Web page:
Over the years, the fashion and trend continued to grow. "Coyote Ugly" came out in 2000, a pretty horrible movie, following the trials and tribulations of women working as waitresses in a cowboy bar. In Vegas at NY,NY, a Coyote Ugly bar opened, with all the aesthetics of the bar in the movie and added flash. It even feels like a movie set, with fake props and no bathroom inside the bar. Soon similar bars started to pop up around the country, including Cowgirls, Inc. in downtown Seattle and American Cowgirls Bar & Grill in Portland. And other bars started featuring mechanical bulls, like the Ballroom in Seattle's artsy gone trendy neighborhood Fremont.

They're servin' up poutine at Smith!

Derschang smartly capitalized on the country trend going mainstream, opening Smith on 15th on the backside of Capitol Hill and King's Hardware in the now hip neighborhood of Ballard. Both restaurants/bars were decidedly more upscale than Linda's, for the whole country style had begun to appeal to city-folk outside the hipster scene that packed Linda's each night. Yet each restaurant was filled with all the accouterments of what one might think a country diner would have, from animal heads and shooting range targets, to old farm tools and equipment. But where Linda's was more burgers and fries, Smith featured pork shank and English pea soup. Where most of the patrons of Linda's drank cheap PBR, the patrons of King's Hardware drank expensive microbrews. Both Smith and King's Hardware packed in the crowds, and odd mix of aging hipsters, Eastsiders, yuppies, and neighborhood folk, the broad appeal of their shtick was evident from the day each restaurant opened it's doors. While Seattlelites may love living in a big progressive city, they want to embrace what they think of as the homeyness and down-to-earth feel of America's small towns... even if it's somewhat of a bastardization their aesthetics.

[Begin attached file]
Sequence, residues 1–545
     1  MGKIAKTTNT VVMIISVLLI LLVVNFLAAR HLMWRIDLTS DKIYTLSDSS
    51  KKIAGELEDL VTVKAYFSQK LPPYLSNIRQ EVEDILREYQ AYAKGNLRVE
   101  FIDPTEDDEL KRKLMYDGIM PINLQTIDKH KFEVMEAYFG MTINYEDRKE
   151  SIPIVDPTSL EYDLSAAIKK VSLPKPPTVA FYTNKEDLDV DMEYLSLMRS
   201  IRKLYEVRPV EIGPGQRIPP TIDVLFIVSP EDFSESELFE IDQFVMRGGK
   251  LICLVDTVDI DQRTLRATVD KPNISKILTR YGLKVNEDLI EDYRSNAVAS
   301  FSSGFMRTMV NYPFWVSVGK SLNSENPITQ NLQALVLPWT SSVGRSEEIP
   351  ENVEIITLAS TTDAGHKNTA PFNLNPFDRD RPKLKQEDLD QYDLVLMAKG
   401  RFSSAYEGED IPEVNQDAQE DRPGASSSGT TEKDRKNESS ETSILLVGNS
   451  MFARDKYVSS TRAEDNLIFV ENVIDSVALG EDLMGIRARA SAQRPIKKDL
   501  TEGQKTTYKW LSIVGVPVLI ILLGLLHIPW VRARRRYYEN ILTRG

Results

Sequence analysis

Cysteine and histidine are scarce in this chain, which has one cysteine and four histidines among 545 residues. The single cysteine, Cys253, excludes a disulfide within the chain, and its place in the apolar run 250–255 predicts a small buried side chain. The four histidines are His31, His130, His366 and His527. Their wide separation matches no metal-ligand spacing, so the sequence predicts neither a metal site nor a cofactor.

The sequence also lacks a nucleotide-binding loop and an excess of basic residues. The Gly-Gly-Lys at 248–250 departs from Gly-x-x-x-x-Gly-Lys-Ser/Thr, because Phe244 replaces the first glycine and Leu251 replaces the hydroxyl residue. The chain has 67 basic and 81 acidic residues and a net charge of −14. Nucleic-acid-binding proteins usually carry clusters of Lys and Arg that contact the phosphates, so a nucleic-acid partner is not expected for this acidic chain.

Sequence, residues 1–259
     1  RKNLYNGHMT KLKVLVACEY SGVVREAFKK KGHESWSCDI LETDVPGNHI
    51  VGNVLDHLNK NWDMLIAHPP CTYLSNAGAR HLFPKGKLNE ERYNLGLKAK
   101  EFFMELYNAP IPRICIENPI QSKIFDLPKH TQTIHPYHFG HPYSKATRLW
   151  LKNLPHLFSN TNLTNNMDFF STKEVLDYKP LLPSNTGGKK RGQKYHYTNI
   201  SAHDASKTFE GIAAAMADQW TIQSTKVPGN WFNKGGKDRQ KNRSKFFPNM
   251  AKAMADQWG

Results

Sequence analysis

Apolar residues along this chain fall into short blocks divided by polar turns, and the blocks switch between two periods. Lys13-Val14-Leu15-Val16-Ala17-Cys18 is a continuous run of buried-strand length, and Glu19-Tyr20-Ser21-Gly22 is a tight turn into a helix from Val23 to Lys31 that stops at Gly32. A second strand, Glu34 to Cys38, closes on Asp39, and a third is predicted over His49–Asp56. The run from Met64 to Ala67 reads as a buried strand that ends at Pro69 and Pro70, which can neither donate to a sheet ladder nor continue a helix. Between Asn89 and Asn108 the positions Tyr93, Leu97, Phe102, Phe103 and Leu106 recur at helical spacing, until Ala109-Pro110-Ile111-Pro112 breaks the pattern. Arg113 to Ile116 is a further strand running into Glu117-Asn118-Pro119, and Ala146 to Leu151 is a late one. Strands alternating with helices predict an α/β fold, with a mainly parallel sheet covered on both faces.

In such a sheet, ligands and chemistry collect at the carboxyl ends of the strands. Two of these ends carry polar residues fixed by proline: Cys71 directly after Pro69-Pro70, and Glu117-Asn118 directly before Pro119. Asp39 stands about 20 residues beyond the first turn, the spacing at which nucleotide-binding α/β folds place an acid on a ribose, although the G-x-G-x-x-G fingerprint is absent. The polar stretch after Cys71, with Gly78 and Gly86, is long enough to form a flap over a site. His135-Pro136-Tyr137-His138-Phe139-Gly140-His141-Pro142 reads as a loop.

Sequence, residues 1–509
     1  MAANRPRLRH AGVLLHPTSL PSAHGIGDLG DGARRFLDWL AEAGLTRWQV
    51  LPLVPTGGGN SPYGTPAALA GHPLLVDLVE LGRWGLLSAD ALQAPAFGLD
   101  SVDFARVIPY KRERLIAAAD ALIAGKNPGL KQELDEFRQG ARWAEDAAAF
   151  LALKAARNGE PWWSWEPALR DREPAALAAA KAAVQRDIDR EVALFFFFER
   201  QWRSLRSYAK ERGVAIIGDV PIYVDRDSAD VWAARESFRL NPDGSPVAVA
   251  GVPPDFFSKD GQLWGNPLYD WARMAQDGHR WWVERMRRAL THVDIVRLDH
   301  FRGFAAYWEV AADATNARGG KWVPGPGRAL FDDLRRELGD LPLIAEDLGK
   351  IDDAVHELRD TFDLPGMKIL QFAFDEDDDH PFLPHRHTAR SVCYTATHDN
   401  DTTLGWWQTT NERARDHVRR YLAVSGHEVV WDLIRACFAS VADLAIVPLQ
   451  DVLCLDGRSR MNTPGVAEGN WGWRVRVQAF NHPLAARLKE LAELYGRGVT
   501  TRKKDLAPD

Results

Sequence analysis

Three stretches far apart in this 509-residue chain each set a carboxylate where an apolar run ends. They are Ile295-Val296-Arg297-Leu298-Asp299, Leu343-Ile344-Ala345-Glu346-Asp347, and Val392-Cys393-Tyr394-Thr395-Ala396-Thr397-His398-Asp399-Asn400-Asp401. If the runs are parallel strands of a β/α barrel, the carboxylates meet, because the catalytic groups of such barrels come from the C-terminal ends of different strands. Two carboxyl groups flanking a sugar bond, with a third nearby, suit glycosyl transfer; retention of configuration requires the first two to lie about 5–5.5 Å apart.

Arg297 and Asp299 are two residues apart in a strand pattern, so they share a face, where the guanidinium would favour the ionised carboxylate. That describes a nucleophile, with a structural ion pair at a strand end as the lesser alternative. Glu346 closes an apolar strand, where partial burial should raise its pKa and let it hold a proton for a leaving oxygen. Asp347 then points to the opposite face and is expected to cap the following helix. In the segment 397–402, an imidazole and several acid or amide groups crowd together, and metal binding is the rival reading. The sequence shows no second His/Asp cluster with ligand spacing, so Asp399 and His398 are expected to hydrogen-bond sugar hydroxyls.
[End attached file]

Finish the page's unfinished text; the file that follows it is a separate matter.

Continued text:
Redwood on Capitol Hill opened in 2006 with the same sort of style as Derschang's establishments (animal heads, beer lights, and targets on the walls), but it somehow seemed a little more authentic and gritty, which drew more of the rock crowd in, especially since Derschang's restaurants were scaling up and courting a wider clientèle than just Capitol Hill residents. In the two years since, the country-in-the-city trend in bars, restaurants and fashion, has really started to also develop within Seattle's music community as well. Bands with beards and an urban-country look, playing music influenced by country, folk, and Southern rock (or as they would probably say, Americana, alt country and roots rock) began popping up everywhere. While KCMU/KEXP had featured shows like "Shakin' the Shack," "The Roadhouse," and "Swinin' Doors" for years and years, and venues like The Tractor always had a good turn out, suddenly it seems, the whole country in the city thing it the Capitol Hill hipster scene in a bigger way... the kids suddenly were taking notice, rockabilly and alt country weren't just for aging skinheads, punks and rockers anymore. Bands like The Fleet Foxes, Grand Archives, Moondoggies, Sera Cahoone, and Band of Horses (who relocated to South Carolina)... almost all seem associated with or signed with Sub Pop.

Personally, I'm not really into the bands Sub Pop is signing and that are part of the current trend. It's not because I'm more of a punk rocker, I just find the Fleet Foxes totally fucking boring. But I still think this trend is cool because it may turn some people on to different music and I do dig some alt country bands. Musicians like Neko Case, who I love, seem to be gaining popularity because of the trend. But what does annoy me to some extent is the country flavored restaurants and bars. There's just too many in Seattle now and it has been taken too far. One place is kitschy and unique, but 4 or 5 makes it seem... trendy. Maybe it's weird for me because I spend a fair amount of time in small town Washington and go to real country diners and bars, rather than the high-falutin' aesthetics of Smith or King's Hardware. But, complain as I may, I still seem all these bars for a drink once in a while.

Next up: Small town diner reviews!

3 comments:

$T said...

That movie was called Coyote Ugly, not Cowboy Ugly.

And yes, the Fleet Foxes are fucking terrible.

Dan 10Things said...

Thanks! I swear I need to get a proofreader.

howardx said...

the diner reviews kick ass, eat out more often!